[26] Stephanie Hughes, “A lack of affordable child care is keeping women out of the workforce,” Marketplace, July 8, 2022,

[27] Abha Bhattarai, Dan Keating and Stephanie Hays, “What does it cost to raise a child?” The Washington Post, October 13, 2022,

[28] US Census Bureau, American Community Survey, 2021 1-year estimates, median income in the past 12 months (in 2021 inflation-adjusted dollars): Ohio,

[29] Amy Bush Stevens, Hailey Akah, and Zach Reat, “State Health Assessment: Ohio 2019,” Health Policy Institute of Ohio and the Ohio Department of Health, September 9, 2019,

[30] “2020 Infant Mortality Annual Report,” Ohio Department of Health, accessed on October 12, 2022,

[31] “Annual Report on the Kindergarten Readiness Assessment: Fall 2018 Administration”, Ohio Department of Education, Office of Early Learning and School Readiness, accessed on April 8, 2021,

[32] 2019 per capita income estimates based on data from the Appalachian Regional Commission, “Data Reports: Socioeconomic Data Profile by County,” accessed on November 2, 2022,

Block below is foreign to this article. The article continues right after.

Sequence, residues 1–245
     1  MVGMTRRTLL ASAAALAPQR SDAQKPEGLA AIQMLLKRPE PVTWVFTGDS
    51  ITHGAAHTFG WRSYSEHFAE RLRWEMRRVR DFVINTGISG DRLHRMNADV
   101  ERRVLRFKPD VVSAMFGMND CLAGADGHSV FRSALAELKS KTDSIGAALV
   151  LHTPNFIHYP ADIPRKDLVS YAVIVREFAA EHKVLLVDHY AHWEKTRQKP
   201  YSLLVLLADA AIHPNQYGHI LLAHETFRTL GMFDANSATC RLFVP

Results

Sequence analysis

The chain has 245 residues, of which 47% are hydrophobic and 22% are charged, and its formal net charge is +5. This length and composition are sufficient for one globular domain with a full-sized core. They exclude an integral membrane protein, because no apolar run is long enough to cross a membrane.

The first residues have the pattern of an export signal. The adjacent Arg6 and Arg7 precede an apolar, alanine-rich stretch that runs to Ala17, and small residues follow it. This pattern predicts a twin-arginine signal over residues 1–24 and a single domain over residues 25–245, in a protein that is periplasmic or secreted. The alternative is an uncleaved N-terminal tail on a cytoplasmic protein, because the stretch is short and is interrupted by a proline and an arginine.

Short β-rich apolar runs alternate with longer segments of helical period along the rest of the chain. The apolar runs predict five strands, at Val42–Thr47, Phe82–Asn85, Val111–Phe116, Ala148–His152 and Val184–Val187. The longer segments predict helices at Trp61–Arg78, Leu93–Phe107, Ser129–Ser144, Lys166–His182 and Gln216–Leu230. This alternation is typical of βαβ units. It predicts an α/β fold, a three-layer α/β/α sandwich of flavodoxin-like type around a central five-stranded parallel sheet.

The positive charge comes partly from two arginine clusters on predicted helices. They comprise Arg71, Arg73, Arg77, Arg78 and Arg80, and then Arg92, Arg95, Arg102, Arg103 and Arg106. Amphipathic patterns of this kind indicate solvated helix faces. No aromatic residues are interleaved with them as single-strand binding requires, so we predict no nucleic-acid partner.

[33] "Child (

[34] “Hispanic” is the term used in Census surveys; it describes individuals who speak Spanish as their primary language, and largely overlaps with “Latinx” people, who are people from or descended from Latin American communities. “Latinx” is a gender-neutral term preferred by some because unlike “Latino/Latina,” which assumes a gender binary, it includes people of all genders. Other gender-inclusive terms, such as “Latine” are also used. Policy Matters consults with stakeholders on preferred terminology and will continue to do so.

[35] Policy Matters Ohio analyzed the potential benefits of several state refundable tax credit programs for families. State lawmakers have a wide variety of options for how to design a thriving families tax credit. The exact parameters of the credit may not match what we present in this report.

[36] Claire Zippel, “9 in 10 families with low incomes are using child tax credits to pay for necessities, education,” Center on Budget and Policy Priorities (CBPP), October 21, 2021,

[37] Samantha Waxman and Julian Legendre, “States Can Adopt or Expand Earned Income Tax Credits to Build Equitable, Inclusive Communities and Economies,” CBPP, March 11, 2021,

[38] “Governor DeWine announces more initiatives to make Ohio the best place in the nation to have a baby, raise a family,” Governor Mike DeWine, News Release, September 30, 2022,